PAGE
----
In other words, not only are you an obtuse idiot, but a drama queen.

              • This fan of rats obviously is a complete idiot. Get him a doctor before he takes to the streets endangering working people.

    • So who is this OyVesMir, The Cat Drank Beer…?
      An anti-Israel troll and troublemaker?

      Why did so many people support that post? Is there really that much resentment towards Chas? What did he do to offend?

  4. Chas, your passionate support for Israel and your fierce and principled opposition to antisemitism is an inspiration. Shabbat Shalom. .

  5. There’s a lot of anger in that essay, Chas. But it’s good anger, understandable anger.

    I’m not sure the terror groupies look the other way on the topic of Palestinian terrorism. They seem – sorry to say – almost turned-on by it.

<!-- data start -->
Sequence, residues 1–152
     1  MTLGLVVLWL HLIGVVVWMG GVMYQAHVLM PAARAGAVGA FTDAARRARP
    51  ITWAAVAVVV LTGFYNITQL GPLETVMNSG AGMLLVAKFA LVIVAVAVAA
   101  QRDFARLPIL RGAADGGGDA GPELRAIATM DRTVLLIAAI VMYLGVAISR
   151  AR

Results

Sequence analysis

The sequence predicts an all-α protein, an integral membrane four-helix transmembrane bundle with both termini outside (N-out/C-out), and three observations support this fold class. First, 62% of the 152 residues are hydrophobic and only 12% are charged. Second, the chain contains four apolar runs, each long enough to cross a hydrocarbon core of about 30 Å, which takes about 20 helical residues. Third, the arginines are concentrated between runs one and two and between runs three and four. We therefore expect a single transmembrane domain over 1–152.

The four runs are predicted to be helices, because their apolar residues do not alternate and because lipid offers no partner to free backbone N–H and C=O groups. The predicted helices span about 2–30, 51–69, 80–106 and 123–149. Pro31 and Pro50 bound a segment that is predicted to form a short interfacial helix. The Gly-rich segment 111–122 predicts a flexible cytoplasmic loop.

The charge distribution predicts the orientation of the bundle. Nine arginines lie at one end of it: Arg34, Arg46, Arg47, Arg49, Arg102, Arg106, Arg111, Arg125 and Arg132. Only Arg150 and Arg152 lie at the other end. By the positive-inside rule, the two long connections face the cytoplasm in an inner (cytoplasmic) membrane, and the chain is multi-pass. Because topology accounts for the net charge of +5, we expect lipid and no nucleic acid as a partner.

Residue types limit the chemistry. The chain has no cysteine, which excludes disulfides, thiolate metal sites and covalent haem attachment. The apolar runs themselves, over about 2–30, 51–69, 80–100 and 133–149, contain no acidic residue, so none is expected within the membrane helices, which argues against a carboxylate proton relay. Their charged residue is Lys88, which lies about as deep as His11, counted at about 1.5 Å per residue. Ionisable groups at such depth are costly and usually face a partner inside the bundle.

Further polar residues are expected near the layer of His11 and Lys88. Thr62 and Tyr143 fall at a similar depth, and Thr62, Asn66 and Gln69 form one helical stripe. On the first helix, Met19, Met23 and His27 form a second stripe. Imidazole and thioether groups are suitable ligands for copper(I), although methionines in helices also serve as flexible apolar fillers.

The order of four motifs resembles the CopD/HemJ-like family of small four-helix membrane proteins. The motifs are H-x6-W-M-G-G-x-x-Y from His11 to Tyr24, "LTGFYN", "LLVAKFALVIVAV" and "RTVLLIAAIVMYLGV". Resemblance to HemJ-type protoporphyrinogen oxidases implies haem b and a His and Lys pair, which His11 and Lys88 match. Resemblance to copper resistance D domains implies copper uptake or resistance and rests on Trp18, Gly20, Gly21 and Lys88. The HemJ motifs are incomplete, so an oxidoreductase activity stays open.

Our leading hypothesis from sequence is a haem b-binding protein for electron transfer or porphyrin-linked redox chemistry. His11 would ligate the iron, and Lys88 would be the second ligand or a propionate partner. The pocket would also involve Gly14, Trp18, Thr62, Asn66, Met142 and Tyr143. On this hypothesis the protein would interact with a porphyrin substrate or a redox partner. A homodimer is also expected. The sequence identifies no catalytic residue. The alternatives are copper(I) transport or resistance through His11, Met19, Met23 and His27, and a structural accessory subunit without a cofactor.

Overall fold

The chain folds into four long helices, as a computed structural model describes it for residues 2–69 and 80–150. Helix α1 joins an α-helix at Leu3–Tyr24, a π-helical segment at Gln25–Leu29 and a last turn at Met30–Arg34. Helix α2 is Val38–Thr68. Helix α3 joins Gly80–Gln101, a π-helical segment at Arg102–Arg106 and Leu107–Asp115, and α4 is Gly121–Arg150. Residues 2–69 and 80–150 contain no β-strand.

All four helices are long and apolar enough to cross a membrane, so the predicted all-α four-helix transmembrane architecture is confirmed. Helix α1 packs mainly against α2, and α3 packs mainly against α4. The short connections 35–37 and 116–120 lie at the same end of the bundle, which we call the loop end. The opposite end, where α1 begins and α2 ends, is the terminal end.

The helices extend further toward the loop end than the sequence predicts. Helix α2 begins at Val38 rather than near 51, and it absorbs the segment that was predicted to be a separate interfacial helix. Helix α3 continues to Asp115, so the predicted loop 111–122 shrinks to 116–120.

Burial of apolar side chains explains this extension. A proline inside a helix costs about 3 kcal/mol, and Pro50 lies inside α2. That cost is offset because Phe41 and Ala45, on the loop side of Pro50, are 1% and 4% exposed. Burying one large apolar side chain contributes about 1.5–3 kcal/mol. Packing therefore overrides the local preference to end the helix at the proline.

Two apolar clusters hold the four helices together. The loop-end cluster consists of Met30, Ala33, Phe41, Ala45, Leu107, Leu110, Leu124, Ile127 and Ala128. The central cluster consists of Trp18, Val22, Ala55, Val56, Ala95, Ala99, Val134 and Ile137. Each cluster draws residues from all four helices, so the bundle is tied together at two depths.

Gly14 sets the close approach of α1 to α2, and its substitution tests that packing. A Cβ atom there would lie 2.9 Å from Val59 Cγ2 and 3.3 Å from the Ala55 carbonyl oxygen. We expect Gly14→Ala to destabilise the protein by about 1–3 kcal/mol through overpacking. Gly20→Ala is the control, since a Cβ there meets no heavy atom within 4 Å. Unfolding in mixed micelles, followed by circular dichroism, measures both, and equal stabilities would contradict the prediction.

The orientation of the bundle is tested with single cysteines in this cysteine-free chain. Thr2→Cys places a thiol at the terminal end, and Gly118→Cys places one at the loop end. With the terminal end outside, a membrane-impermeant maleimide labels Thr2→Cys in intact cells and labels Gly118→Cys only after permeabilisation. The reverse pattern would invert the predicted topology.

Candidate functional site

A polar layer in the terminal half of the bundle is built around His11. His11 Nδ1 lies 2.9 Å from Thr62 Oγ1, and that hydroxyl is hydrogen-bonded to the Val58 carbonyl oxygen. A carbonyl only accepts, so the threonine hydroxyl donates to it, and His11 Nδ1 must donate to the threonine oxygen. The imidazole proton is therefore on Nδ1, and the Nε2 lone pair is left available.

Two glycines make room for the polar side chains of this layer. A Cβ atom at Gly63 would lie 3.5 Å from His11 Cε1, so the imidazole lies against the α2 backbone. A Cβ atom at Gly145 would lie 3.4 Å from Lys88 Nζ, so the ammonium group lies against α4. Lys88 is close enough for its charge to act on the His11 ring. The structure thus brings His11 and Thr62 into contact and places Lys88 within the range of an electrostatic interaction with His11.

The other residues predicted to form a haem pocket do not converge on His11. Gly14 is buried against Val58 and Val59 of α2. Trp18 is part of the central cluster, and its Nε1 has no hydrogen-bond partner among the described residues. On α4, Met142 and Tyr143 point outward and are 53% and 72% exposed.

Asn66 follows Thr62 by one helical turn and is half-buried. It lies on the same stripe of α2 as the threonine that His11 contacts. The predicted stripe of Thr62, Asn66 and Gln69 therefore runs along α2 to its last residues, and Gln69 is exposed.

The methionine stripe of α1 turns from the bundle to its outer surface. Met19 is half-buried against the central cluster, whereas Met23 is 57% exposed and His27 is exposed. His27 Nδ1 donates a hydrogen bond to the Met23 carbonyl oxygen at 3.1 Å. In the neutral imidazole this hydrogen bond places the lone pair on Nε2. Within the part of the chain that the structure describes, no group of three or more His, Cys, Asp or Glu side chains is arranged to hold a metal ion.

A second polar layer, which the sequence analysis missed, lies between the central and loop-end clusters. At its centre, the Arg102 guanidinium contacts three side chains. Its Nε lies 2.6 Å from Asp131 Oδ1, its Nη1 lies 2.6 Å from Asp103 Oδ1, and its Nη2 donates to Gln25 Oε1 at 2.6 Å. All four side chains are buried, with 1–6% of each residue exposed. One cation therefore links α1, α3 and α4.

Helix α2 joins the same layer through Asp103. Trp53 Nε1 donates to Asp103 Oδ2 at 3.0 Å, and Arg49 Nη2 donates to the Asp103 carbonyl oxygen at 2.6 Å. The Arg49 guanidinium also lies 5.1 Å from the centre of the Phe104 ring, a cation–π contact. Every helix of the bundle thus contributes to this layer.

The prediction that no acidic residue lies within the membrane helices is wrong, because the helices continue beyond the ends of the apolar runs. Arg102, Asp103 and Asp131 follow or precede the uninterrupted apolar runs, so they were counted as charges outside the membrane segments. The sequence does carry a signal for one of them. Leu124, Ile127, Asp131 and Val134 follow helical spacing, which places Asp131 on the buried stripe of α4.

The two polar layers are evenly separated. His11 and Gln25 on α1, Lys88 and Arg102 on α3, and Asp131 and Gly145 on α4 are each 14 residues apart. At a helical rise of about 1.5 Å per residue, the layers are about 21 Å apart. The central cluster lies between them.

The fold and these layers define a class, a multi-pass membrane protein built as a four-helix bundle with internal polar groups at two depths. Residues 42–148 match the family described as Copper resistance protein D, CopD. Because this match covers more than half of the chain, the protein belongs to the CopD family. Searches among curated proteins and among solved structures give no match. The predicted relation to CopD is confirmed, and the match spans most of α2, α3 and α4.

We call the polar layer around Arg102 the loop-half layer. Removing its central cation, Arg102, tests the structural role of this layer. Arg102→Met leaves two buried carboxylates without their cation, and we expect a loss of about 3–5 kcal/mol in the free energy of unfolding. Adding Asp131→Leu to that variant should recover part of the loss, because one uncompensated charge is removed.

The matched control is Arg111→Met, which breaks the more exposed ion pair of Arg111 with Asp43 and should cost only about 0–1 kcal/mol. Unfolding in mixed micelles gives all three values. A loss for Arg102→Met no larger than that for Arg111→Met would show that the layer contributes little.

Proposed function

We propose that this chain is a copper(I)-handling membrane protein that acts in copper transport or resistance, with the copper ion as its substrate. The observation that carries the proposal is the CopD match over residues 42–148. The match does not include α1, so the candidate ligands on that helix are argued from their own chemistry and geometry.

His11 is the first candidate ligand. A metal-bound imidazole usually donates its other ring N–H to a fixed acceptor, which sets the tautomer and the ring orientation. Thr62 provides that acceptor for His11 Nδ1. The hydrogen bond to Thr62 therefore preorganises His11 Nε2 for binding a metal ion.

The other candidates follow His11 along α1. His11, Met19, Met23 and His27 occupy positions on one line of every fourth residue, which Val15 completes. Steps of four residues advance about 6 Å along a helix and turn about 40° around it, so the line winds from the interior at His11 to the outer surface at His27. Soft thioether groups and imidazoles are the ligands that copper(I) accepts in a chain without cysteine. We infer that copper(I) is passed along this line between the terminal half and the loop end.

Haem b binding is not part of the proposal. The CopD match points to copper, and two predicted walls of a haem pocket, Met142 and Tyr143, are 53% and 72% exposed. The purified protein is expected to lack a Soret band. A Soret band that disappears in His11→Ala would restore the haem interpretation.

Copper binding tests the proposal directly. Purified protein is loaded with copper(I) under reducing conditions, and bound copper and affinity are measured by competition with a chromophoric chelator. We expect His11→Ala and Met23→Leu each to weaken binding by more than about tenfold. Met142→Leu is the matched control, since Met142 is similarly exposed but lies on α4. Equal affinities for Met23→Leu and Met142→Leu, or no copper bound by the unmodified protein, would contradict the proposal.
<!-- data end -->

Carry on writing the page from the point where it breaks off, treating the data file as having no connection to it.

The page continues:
Indeed – and I can think of a couple of high-profile specimens featured previously on this website.

  6. Chas,
    Please clean up the typos, and Yemen is not in Africa. Now, that I’m done criticizing, I’ll tell you that that was one fantastic piece! Your writing is superb! Absolutely engrossing, I couldn’t take my eyes off it. Thank you, and please keep it up. You’re a good man in a sea of hypocrites.

  7. Stop me if this has been covered before but Ban KI-moon’s speech on visiting Auschwitz a few days ago hasn’t made much of a ripple as far as I can tell. Here’s the part that had me gaping in astonishment at the TV:

    “Even today, the fire smoulders. Anti-Semitism retains its hold in too many places. In Europe and elsewhere, migrants, Muslims [my emphasis], Roma and other minorities face rising discrimination — and find too few defenders.”

    http://atlasshrugs2000.typepad.com/atlas_shrugs/2013/11/un-secretary-general-visits-auschwitz-complains-of-rising-discrimination-against-muslims.html